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Particle Safety Assessment in Additive Manufacturing: From Exposure Risks to Advanced Toxicology Testing
Örebro University, School of Science and Technology. School of Medical Sciences, Faculty of Medicine and Health, Örebro University, Örebro, Sweden. (Man-Technology-Environment Research Center (MTM); Inflammatory Response and Infection Susceptibility Centre (iRiSC))ORCID iD: 0000-0002-2403-7989
Örebro University, School of Science and Technology. (Man-Technology-Environment Research Center (MTM))ORCID iD: 0000-0001-7338-2079
Örebro University, School of Medical Sciences. (Inflammatory Response and Infection Susceptibility Centre (iRiSC))ORCID iD: 0000-0002-4319-7208
Department of Health, Medicine and Caring Sciences, Occupational and Environmental Medicine Center in Linköping, Linköping University, Linköping, Sweden.
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2022 (English)In: Frontiers in Toxicology, E-ISSN 2673-3080, Vol. 4, article id 836447Article, review/survey (Refereed) Published
Abstract [en]

Additive manufacturing (AM) or industrial three-dimensional (3D) printing drives a new spectrum of design and production possibilities; pushing the boundaries both in the application by production of sophisticated products as well as the development of next-generation materials. AM technologies apply a diversity of feedstocks, including plastic, metallic, and ceramic particle powders with distinct size, shape, and surface chemistry. In addition, powders are often reused, which may change the particles' physicochemical properties and by that alter their toxic potential. The AM production technology commonly relies on a laser or electron beam to selectively melt or sinter particle powders. Large energy input on feedstock powders generates several byproducts, including varying amounts of virgin microparticles, nanoparticles, spatter, and volatile chemicals that are emitted in the working environment; throughout the production and processing phases. The micro and nanoscale size may enable particles to interact with and to cross biological barriers, which could, in turn, give rise to unexpected adverse outcomes, including inflammation, oxidative stress, activation of signaling pathways, genotoxicity, and carcinogenicity. Another important aspect of AM-associated risks is emission/leakage of mono- and oligomers due to polymer breakdown and high temperature transformation of chemicals from polymeric particles, both during production, use, and in vivo, including in target cells. These chemicals are potential inducers of direct toxicity, genotoxicity, and endocrine disruption. Nevertheless, understanding whether AM particle powders and their byproducts may exert adverse effects in humans is largely lacking and urges comprehensive safety assessment across the entire AM lifecycle-spanning from virgin and reused to airborne particles. Therefore, this review will detail: 1) brief overview of the AM feedstock powders, impact of reuse on particle physicochemical properties, main exposure pathways and protective measures in AM industry, 2) role of particle biological identity and key toxicological endpoints in the particle safety assessment, and 3) next-generation toxicology approaches in nanosafety for safety assessment in AM. Altogether, the proposed testing approach will enable a deeper understanding of existing and emerging particle and chemical safety challenges and provide a strategy for the development of cutting-edge methodologies for hazard identification and risk assessment in the AM industry.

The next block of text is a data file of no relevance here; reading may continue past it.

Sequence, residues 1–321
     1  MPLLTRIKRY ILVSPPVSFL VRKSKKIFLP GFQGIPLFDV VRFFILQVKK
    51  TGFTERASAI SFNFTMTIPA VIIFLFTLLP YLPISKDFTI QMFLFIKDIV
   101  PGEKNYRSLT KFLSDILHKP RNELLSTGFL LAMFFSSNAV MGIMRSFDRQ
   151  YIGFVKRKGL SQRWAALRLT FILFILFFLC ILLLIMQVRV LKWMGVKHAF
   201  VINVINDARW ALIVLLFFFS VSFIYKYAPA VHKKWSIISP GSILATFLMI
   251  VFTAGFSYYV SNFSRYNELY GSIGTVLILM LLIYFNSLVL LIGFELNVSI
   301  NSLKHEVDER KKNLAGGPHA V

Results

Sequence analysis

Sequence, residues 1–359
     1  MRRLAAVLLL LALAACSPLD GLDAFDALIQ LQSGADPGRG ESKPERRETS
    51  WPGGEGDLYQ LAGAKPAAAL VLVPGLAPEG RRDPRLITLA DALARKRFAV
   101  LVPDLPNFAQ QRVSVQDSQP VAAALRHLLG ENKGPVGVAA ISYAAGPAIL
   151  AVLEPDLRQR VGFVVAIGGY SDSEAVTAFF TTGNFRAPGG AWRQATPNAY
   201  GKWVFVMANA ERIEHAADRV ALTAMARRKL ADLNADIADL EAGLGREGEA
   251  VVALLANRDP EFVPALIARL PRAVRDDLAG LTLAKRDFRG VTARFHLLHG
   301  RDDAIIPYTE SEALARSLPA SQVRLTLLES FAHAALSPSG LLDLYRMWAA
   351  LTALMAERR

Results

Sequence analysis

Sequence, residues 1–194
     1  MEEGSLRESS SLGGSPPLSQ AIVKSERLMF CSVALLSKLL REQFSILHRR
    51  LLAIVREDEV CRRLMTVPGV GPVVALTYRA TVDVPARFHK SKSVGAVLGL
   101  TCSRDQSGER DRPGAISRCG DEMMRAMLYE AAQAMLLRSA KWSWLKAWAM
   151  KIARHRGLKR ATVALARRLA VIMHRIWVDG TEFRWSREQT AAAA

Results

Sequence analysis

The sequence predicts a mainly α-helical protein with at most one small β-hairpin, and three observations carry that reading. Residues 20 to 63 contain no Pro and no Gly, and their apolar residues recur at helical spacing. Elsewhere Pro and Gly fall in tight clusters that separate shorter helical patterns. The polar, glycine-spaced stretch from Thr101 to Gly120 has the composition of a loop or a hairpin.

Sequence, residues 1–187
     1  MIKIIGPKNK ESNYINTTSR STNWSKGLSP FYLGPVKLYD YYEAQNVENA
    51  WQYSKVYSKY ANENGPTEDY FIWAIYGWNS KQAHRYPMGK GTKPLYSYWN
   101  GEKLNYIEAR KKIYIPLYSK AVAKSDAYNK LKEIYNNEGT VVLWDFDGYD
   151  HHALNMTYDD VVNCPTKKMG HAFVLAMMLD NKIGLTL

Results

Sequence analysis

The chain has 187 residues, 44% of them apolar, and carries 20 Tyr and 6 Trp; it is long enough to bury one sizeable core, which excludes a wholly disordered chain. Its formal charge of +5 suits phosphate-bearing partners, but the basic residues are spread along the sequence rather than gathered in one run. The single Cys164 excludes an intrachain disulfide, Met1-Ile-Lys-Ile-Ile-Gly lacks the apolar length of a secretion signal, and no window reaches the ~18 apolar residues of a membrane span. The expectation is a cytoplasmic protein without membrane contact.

Place, publisher, year, edition, pages
Frontiers Media S.A., 2022. Vol. 4, article id 836447
Keywords [en]
Adverse outcome, endocrine disruption, genotoxicity, industrial 3D printing, inflammation, mechanism of action, particle emissions
National Category
Production Engineering, Human Work Science and Ergonomics
Identifiers
URN: urn:nbn:se:oru:diva-99004DOI: 10.3389/ftox.2022.836447ISI: 001002826000001PubMedID: 35548681Scopus ID: 2-s2.0-85140953381OAI: oai:DiVA.org:oru-99004DiVA, id: diva2:1658332
Available from: 2022-05-16 Created: 2022-05-16 Last updated: 2024-03-05Bibliographically approved

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Alijagic, AndiEngwall, MagnusSärndahl, EvaHedbrant, AlexanderAndersson, LenaKarlsson, PatrikScherbak, NikolaiLarsson, MariaPersson, Alexander

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